And the brewery scene, while not as robust as in Austin or Portland, was much bigger than I thought. There are almost twenty in SLC, not counting the taprooms that also dot the downtown area. I was really curious about the evolution of the beer scene here, as there are still lots of restrictions — breweries can’t serve alcohol over 5% on tap, and cocktails are measured (there’s no free pour here) — and a variety of licenses are needed. Restaurants serving alcohol require patrons to also order food (only 30% of their sales can be from alcohol, so ordering food when you drink is required). Bars also must serve food at all times too — though one got around this by charging $100 for nachos, simply to comply with the law; the bartender said only one person ever bought it.
But Salt Lake City’s proximity to the outdoors was what really turned me onto the place — and a big reason why so many people are moving here. Whether for a few hours or an entire day, it’s easy to just walk out of your house and into nature, since you’re close to a number of mountains, ski areas, and national parks. Moreover, from town, you can hike or bike numerous trails into the surrounding hills; I spent some hours hiking the trails near the statehouse.
The thing that probably won me over the most was, of course, people. More than that, it was an experience with them that will be my most lasting memory from my visit. While at a brewery, my friends and I were giving up our table to a group of people when one of them said “Are you Nomadic Matt?”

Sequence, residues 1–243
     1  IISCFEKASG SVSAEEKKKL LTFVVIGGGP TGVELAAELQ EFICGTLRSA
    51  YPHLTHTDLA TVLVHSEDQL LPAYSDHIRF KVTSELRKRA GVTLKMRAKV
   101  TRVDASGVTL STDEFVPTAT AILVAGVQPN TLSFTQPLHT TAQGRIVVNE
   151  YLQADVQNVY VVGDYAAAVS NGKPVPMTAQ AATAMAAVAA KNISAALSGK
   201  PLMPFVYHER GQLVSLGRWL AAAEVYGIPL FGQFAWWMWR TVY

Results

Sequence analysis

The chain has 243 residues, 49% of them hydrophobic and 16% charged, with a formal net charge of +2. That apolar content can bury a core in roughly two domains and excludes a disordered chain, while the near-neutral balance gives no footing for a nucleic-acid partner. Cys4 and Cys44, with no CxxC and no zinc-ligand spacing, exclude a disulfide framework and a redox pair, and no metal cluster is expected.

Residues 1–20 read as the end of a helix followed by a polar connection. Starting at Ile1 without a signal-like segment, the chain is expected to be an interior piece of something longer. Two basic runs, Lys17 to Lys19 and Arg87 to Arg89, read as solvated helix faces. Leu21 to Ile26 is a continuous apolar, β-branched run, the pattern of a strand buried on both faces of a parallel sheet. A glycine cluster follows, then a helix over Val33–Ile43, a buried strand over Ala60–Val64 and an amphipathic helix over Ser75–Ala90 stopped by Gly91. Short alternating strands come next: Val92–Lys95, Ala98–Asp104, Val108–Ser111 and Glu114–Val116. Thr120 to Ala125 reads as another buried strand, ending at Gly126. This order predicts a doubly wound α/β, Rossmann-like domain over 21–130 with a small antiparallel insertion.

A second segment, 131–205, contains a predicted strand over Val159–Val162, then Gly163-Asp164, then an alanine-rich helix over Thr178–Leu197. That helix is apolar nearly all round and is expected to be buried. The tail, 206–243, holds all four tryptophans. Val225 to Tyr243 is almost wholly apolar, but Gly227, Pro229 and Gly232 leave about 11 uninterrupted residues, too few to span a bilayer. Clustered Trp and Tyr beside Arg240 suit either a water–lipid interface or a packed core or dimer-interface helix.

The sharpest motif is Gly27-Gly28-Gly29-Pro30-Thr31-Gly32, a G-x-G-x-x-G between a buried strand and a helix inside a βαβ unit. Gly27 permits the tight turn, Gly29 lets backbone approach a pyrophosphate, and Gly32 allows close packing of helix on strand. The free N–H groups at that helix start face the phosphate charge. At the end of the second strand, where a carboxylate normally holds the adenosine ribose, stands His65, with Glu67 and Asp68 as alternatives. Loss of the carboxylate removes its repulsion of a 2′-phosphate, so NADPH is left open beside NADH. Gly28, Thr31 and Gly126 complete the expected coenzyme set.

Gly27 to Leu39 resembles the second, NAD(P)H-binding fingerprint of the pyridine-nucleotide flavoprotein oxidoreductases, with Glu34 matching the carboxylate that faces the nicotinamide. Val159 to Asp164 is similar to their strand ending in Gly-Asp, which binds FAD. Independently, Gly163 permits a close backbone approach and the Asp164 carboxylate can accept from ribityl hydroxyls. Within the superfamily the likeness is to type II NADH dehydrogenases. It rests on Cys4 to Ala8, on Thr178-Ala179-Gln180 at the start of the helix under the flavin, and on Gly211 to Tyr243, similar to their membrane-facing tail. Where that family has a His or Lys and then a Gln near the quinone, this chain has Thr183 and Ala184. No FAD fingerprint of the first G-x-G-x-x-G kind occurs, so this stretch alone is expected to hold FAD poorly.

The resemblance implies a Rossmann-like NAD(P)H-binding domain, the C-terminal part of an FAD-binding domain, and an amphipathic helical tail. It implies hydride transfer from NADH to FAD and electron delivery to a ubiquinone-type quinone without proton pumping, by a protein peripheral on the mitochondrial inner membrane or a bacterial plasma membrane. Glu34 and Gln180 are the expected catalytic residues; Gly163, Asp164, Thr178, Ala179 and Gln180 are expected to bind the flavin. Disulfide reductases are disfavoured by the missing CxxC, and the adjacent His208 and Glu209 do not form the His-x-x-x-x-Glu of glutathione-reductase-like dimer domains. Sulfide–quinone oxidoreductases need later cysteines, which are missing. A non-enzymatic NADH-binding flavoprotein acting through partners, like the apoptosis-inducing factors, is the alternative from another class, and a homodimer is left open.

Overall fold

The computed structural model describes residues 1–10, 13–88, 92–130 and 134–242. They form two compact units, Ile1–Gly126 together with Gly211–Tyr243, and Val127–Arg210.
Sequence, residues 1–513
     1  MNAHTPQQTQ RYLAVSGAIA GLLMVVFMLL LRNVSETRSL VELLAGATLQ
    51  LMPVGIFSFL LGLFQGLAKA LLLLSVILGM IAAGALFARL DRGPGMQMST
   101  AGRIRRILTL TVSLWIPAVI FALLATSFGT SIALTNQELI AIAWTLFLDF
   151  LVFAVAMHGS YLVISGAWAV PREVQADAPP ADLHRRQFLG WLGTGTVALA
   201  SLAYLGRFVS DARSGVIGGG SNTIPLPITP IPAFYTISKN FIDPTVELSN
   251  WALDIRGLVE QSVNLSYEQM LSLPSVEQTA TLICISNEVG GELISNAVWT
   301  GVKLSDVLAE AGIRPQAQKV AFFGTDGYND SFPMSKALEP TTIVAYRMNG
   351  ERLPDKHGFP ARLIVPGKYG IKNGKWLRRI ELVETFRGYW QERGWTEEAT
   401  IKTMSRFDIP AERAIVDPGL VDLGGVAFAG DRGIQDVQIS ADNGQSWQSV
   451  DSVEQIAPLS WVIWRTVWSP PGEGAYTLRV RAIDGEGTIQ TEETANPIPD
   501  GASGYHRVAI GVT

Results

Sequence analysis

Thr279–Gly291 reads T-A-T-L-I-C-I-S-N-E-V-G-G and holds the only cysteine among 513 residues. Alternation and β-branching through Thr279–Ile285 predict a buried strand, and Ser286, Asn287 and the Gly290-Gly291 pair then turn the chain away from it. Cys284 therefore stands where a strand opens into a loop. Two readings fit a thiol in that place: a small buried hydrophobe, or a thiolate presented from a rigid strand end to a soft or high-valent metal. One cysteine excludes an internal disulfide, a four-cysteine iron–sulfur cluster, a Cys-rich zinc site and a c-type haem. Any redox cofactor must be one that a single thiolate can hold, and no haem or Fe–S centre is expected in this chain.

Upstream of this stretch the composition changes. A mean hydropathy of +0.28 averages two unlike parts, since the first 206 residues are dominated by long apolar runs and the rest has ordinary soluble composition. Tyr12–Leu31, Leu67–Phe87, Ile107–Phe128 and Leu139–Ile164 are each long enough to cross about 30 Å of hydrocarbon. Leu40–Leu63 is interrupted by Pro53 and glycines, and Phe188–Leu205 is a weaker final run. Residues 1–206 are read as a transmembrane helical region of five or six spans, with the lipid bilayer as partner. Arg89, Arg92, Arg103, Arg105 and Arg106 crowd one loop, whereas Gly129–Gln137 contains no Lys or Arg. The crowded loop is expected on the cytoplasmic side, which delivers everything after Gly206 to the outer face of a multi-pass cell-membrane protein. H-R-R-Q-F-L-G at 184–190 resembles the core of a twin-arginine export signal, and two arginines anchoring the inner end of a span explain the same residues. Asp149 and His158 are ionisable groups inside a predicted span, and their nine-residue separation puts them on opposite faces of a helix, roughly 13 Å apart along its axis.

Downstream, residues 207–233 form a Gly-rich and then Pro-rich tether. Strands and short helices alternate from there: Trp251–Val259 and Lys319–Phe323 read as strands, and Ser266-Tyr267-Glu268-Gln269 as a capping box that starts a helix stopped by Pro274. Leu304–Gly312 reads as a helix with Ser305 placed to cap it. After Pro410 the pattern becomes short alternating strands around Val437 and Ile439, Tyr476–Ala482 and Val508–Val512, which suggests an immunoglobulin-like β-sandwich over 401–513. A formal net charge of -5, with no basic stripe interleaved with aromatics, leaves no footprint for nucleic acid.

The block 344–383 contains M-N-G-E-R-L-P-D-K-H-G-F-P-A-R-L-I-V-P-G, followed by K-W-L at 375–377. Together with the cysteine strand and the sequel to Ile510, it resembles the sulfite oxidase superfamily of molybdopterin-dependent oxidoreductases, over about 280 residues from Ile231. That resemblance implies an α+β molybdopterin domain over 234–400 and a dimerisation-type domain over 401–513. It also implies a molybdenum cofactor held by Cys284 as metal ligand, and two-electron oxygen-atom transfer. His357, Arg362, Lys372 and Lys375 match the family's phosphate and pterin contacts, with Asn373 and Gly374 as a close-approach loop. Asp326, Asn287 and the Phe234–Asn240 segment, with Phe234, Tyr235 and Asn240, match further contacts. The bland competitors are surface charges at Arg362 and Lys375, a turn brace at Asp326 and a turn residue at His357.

Responding in the affirmative, she invited us to a house party later on. My friends didn’t feel like it but I told them I would go.
So, after dinner, I went to a good old fashioned house party. There I met some new Salt Lakers: young folks who moved from various parts of the country for work and were drawn to the city’s cheap cost of living and proximity to the mountains. I was at a house party with 25-year-olds and it was super fun. All of them lived in the Sugar House neighborhood, which is full of twentysomething, trendy bars, and hipster restaurants. That’s the new “hot” area of town.
There was still a lot I didn’t get to experience in Salt Lake City, of course. Many locations were still closed due to COVID (surprisingly, the Mormons had the strictest regulations and seemed to take masking and social distancing more seriously than the rest of the city’s citizens). Many of the art galleries were on limited hours, I left with a long list of breweries and restaurants still to visit, and I definitely didn’t do as much hiking as I wanted (I never do).
But SLC is in fact very wonderful. Here you’ll find a city full of good beer, wonderful restaurants, lots of hiking and outdoor sports opportunities, and warm, welcoming people. It’s definitely an “up and coming city” but probably a decade away from really being “the next Austin.”
If, like me, you hadn’t thought about going there, now is the time to change your mind.